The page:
I’ve taken my risk, and I failed. So it’s time to take the foot off the gas pedal. To slow down in order to speed up. To heal my body, and get rid of this injury cycle once and for all. And with a history of bone injuries, a key part of that is going to be getting my hormones figured out. Letting my body rest. And honestly, gaining weight and body fat. I’m not dumb, so let’s talk about the elephant in the room: I’ve known for awhile that I’ve been hanging onto a muscular, lean physique that, while it might have worked for OCR, is not compatible with ultrarunning and multi-day endeavors like I want to do. I thought I could be the exception, but once again, the body has the last laugh. As uncomfortable as it may be for the vain part of myself, I’ll likely be more resilient and injury free with extra body fat and weight. Maybe not, but considering I’ve done all the other work (strength training, rehab, Vitamin D levels, etc) and I’m still suffering from bone injuries, it’s worth a try.

I’ve had multiple people tell me that I should hide this latest injury – that multiple bones injuries like this are shameful, and that I’m opening myself up to criticism. I understand many athletes hide injuries, but that’s not me. Maybe at one point in my life I thought I was invincible, and I thought admitting injury would make me be less of a “badass,” but that’s no longer me. This is my life, and my story, and I will own my mistakes and shortcomings, in all their full glory. It’s true to who I am, and the type of person I want to be. And if I can help others along the way in their journey, and let them know that “hey, we all struggle in our own ways,” even better. 

As scary as this all is, I’m actually excited to tackle it.  I’m excited to get back to racing healthy, and in due time (this summer most likely, but I’m not setting any firm plans). What’s funny is that, as tough as this injury cycle has been, I’ve never let go of the unwavering belief that my best running and racing days are still ahead. I’m so excited just thinking of it. 

Life is pretty grand when you let the water guide you. 

As always, a HUGE thank you to my sponsors who have stuck by me through the ups and downs: HumanN, Ultimate Direction, Altra, Sufferfest Beer, Big Spoon Roasters, Rocktape, Goodr, and Pete & Gerry’s. As a sponsored athlete, being injured is one of the worst feelings when you think about telling them (especially when you’ve JUST signed on…sorry Altra…). But these companies are rockstars, and I’m so thankful they support me in every aspect of my life. And to Dr. Brink at Premiere Spine & Sport, who has served as an invaluable resource in learning about movement and my body. And, of course, to Coach David Roche: he’s always tried to rein me in (sometimes I don’t listen…and look what happens), but more importantly, he’s been the biggest advocate of me as a human being, not as a runner. I can’t imagine a better coach to have in my corner.

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2018: The Year of Letting Go

Several months ago, I had a long conversation with one of my best friends from law school. 

“Amelia,” she said, “You are really good at holding on to ropes. And you excel at making sure you don’t let go of one rope until you have a firm grasp on another one. But sometimes that rope is cut from you – how do you handle the freefall?”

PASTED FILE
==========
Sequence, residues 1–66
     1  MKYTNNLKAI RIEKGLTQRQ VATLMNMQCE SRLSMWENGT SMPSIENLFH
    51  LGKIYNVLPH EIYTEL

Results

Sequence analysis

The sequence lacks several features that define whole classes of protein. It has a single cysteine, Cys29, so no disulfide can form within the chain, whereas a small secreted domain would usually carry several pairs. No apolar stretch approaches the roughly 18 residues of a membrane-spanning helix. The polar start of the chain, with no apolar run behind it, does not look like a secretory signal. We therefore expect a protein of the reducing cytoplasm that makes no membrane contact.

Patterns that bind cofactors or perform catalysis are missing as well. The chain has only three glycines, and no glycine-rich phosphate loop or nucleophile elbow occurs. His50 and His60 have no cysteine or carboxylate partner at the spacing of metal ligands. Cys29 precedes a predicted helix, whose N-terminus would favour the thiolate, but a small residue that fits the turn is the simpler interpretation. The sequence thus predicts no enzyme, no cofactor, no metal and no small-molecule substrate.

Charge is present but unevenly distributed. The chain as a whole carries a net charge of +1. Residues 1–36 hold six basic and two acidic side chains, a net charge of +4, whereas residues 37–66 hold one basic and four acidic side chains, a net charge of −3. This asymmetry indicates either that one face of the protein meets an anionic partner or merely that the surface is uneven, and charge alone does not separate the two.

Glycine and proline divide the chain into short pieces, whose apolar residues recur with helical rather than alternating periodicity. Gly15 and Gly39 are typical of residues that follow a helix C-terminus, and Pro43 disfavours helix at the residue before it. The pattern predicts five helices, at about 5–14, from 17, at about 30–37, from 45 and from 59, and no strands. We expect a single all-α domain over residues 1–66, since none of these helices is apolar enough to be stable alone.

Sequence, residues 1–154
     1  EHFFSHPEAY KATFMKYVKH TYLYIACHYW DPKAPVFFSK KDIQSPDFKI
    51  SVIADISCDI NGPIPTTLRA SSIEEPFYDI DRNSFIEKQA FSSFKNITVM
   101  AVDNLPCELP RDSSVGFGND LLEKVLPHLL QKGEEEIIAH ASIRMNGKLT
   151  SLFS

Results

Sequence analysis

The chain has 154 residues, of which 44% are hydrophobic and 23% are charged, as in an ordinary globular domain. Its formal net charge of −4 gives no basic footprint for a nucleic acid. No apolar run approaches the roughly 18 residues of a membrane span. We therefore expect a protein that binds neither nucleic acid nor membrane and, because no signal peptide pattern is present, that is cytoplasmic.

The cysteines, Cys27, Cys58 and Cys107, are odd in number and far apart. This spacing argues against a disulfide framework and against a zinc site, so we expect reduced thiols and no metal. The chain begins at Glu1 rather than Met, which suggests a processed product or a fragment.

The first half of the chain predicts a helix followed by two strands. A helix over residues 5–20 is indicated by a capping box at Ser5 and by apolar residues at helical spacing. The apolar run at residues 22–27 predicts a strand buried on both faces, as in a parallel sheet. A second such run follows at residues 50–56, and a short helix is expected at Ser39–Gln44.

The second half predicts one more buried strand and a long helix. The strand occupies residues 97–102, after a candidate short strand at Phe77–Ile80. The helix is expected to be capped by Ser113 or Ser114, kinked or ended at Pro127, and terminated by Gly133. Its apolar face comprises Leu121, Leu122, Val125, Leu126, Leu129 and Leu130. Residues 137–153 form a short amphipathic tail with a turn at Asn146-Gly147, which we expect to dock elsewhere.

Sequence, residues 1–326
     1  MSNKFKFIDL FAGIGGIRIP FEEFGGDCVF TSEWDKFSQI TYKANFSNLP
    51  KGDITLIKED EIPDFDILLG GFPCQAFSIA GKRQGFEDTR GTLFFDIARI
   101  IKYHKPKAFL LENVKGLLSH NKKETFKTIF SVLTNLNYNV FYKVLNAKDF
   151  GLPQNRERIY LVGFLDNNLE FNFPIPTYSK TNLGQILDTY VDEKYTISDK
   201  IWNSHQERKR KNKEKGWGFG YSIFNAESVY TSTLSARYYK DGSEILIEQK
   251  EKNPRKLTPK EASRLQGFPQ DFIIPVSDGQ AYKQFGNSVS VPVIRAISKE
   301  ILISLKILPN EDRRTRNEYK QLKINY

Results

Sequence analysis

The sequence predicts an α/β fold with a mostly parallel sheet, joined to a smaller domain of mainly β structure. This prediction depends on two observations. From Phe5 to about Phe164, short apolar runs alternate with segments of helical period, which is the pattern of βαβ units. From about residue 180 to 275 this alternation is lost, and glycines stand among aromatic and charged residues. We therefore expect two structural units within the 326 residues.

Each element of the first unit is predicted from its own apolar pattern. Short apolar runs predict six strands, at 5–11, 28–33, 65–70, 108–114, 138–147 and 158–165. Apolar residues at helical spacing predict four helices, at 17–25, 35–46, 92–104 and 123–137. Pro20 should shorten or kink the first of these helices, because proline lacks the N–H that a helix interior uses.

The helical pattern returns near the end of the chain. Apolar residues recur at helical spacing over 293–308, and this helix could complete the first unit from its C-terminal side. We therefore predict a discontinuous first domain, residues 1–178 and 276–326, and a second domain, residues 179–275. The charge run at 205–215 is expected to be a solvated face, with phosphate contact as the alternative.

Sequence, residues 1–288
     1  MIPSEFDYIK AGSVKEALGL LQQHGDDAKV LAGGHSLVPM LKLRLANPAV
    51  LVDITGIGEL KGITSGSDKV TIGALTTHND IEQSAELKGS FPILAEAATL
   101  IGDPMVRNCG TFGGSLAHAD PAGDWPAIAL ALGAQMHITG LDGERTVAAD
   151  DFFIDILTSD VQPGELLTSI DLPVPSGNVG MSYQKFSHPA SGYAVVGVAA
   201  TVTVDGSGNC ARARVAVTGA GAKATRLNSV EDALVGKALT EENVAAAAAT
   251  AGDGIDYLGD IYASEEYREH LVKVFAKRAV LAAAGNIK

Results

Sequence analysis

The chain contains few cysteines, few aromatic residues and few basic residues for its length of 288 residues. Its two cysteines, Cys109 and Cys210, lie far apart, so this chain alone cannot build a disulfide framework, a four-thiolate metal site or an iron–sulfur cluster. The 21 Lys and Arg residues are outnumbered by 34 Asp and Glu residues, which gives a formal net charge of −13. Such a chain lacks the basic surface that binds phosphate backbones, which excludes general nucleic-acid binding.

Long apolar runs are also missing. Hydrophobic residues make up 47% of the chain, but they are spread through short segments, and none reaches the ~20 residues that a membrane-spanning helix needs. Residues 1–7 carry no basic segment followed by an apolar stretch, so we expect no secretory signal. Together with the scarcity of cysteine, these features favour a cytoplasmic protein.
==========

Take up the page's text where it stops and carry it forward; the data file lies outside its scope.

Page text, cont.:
Hmmm. “Not very well” would be a gross understatement. 

In looking back over these past 12 months, I’ve faced that freefall a few times – some in splendid ways, others in heart-wrenching ways. I don’t really believe in defining our lives based on 12-month periods (“oh, that was tough year,” or “that was a wonderful year!”), but I do believe in the end of a year as a natural time to reflect back on reoccurring themes and lessons in our lives, and how those shape our progress forward. 

And if there was one mantra I repeated to myself over and over in 2018, it was “let go.” 

Continue reading 2018: The Year of Letting Go
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A Year of Return to Running Logs

Several months ago, I promised that I would share my return to running logs for those interested, not thinking that anyone would actually want to see them. Heh. Apparently, some folks were interested.

Extremely belated, but here they are (embedded below, or you can follow this link): Amelia’s Return to Running Log

Before you take a look, an important personal note:

I struggled mightily with whether to keep in the “injury notes” comments. I use this column with my coach to communicate any issues, etc., and I’ve made a point to OVERreport any niggle, in case we need to stop and readjust. Reading back through, I realize how absolutely scared I was to run. From a third person reading in isolation, you may think “holy shit this girl is a hypochondriac.”

And that’s fine if you do. Ultimately, I decided to keep the comments in there to keep it real – to show the mental anguish of coming back from injury. Coming off a year of not being able to run, EVERY ache and pain struck the fear of God into me. Reading back through the comments now is pretty hard – I can see HOW scared I was. I was paralyzed by the fear of reinjury, and had absolutely zero trust of my body. I spent most of this past year simultaneously being grateful to be able to run and being scared spitless that it was all going to be taken from me again in an instant. The mental block of being constantly broken was haunting. So I left the notes in there to show this dark side, to show that what we see through the highlight reel of other’s social media isn’t what is going on in our head.